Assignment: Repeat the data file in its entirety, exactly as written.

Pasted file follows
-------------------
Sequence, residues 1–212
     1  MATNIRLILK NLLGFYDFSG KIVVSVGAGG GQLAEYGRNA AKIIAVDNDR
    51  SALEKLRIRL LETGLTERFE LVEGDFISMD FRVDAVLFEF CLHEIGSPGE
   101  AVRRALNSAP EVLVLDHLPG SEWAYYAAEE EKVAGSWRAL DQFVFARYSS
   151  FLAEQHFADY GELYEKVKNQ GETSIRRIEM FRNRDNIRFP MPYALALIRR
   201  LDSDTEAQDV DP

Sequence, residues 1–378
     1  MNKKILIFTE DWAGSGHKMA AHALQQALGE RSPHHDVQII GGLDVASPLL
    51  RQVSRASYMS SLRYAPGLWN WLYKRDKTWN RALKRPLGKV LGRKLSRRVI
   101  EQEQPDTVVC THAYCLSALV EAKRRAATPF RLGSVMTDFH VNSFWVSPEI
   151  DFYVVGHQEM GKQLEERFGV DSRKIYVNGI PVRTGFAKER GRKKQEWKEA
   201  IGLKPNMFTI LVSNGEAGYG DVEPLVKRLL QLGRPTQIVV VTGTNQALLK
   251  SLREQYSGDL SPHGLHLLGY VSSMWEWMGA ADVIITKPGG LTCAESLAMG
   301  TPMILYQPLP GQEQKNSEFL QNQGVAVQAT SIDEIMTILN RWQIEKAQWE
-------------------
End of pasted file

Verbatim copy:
Sequence, residues 1–212
     1  MATNIRLILK NLLGFYDFSG KIVVSVGAGG GQLAEYGRNA AKIIAVDNDR
    51  SALEKLRIRL LETGLTERFE LVEGDFISMD FRVDAVLFEF CLHEIGSPGE
   101  AVRRALNSAP EVLVLDHLPG SEWAYYAAEE EKVAGSWRAL DQFVFARYSS
   151  FLAEQHFADY GELYEKVKNQ GETSIRRIEM FRNRDNIRFP MPYALALIRR
   201  LDSDTEAQDV DP

Sequence, residues 1–378
     1  MNKKILIFTE DWAGSGHKMA AHALQQALGE RSPHHDVQII GGLDVASPLL
    51  RQVSRASYMS SLRYAPGLWN WLYKRDKTWN RALKRPLGKV LGRKLSRRVI
   101  EQEQPDTVVC THAYCLSALV EAKRRAATPF RLGSVMTDFH VNSFWVSPEI
   151  DFYVVGHQEM GKQLEERFGV DSRKIYVNGI PVRTGFAKER GRKKQEWKEA
   201  IGLKPNMFTI LVSNGEAGYG DVEPLVKRLL QLGRPTQIVV VTGTNQALLK
   251  SLREQYSGDL SPHGLHLLGY VSSMWEWMGA ADVIITKPGG LTCAESLAMG
   301  TPMILYQPLP GQEQKNSEFL QNQGVAVQAT SIDEIMTILN RWQIEKAQWE